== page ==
Sunday, September 21, 2008

The opening sentence of Lucy Montgomery’s Anne of Green Gables describes Mrs. Rachel Lynde sitting at her window, “keeping a sharp eye on everything that passed.” In Corrections lingo Mrs. Lynde sat at the “Control Centre,” a name describing Purpose and Place where inmates can be observed in their goings-on. In many Ukrainian villages you also have these mini-observation stations, mostly beside the gate which gives you entrance into their yards. We are talking of the Ukrainian bench—a most functional, simple, wooden structure, serving as the place of observation and comment.

The bench appears to serve many purposes. When we come into a new village, our interpreter asks directions from someone sitting at the bench. Often we approach the old ladies (it appears that about 95% of benches are used by women) and ask if they remember anything about the German colonists who used to live in their village. They will point to another house with another bench. The bench is where stories are exchanged, gossip provided, issues clarified, advice given, and no doubt tears shed.

It appears that the larger the village, the fewer the benches. Molochansk has very few benches compared to Dolina or Grushevka. Maybe the two sets of benches we have at the Mennonite Centre take the place of others. On Seniors Luncheon days the benches are often occupied from 10:00 a.m. until 2:00 p.m. On other days of the week, sometimes solitary people come and just sit and reflect. Often when we leave in the evening when it is already dusk, the benches are still being used. At least our benches at the Mennonite Centre have backs—many don’t. Most appear to have served for generations. Stories of war, death, new life, promises, tragedies, are told and retold. They are primarily occupied by older people who don’t get out too far but who want to see what’s going on. We have noticed one old lady on our street who stands by the hour, leaning on her fence, watching people. She needs to watch.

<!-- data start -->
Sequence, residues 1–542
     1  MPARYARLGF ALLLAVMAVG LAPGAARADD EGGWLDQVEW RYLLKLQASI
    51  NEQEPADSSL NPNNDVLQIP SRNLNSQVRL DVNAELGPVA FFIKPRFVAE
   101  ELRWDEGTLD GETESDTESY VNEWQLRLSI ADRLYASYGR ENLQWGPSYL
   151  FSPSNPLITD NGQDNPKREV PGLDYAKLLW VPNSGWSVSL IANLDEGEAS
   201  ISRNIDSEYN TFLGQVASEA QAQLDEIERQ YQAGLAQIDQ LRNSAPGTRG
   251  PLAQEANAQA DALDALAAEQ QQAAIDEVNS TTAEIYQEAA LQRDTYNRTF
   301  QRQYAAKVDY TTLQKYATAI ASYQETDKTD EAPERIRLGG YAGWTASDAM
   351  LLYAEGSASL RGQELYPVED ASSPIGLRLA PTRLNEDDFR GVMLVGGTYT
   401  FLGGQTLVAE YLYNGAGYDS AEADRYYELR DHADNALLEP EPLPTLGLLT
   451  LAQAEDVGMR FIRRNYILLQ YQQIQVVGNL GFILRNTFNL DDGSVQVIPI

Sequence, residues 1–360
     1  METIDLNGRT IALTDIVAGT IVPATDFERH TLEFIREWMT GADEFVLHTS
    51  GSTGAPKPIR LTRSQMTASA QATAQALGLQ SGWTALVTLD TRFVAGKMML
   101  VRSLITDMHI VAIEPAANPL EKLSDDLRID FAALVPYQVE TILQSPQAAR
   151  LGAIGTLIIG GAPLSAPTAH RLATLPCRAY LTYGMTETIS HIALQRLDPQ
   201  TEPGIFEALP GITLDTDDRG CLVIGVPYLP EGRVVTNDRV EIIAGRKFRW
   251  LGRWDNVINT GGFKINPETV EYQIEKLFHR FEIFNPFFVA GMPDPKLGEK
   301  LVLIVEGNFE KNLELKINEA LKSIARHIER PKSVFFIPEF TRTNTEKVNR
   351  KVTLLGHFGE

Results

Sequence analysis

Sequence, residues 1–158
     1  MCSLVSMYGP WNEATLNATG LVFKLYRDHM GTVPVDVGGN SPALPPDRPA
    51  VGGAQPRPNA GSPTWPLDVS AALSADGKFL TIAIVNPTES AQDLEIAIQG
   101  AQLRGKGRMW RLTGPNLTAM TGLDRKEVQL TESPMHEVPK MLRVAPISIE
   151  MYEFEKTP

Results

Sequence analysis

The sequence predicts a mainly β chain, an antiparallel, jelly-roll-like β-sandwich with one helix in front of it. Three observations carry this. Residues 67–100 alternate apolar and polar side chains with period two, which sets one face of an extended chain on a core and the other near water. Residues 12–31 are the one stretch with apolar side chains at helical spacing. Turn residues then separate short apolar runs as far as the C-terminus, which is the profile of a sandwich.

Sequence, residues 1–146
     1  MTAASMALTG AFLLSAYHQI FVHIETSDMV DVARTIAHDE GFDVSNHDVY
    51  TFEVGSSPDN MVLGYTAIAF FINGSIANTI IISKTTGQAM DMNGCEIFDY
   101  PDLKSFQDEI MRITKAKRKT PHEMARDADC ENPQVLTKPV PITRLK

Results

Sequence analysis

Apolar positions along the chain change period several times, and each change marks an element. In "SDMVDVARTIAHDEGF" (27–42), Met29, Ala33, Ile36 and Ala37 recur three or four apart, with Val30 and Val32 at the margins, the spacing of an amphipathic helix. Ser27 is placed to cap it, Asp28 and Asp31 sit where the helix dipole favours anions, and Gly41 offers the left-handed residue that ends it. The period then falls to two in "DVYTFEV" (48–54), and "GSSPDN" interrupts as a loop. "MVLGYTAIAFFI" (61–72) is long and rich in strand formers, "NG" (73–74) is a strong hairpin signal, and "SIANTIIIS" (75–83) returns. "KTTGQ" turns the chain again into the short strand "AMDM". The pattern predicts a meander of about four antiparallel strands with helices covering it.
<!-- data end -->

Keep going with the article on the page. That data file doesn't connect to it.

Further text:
The seniors in the Seniors House which has been operated by the Kutuzovka Church for two years are relocating to the back rooms of the Church. One of the complaints of the seniors regarding this move is that they will be taken away from their busy street and placed in a quiet, private area where they can’t observe people—they want to see who is coming and going. One of the proposed solutions is to have children playing upstairs in the Sunday School rooms just so the seniors can hear activity.

The most interesting request we got this week was from a Ukrainian builder who plans to restore a former Mennonite home at the boundary between Halbstadt and Muntau. He wanted pictures of the interior of Mennonite homes so that he could restore it accurately. He said he has always been fascinated by the homes of the “German colonists” and he got quite excited when we spoke of the plans to translate Rudy Friesen’s “Building on the Past” into Ukrainian. This is the third place that we know of in Molotchna, where Ukrainians are actively saving or restoring a Mennonite building. We feel there is growing interest in this area and even though they want to have authentic Mennonite buildings they will probably still make provision for a bench near the front gate.

This morning Pastor Jakob Thiessen spoke of the gift of thankfulness. For the first time we heard him make a reference to English, where he said the difference between “think” and “thank” is one letter—if you truly think, you will be thankful. Friends, we think of you often and are thankful.

We will post some pictures of benches on our blogsite at

Ben and Linda

P.S. We broke new ground this week—Linda taught her first piano lesson to students in Victoria via Skype. You can run from your piano teacher but you will always be heard!


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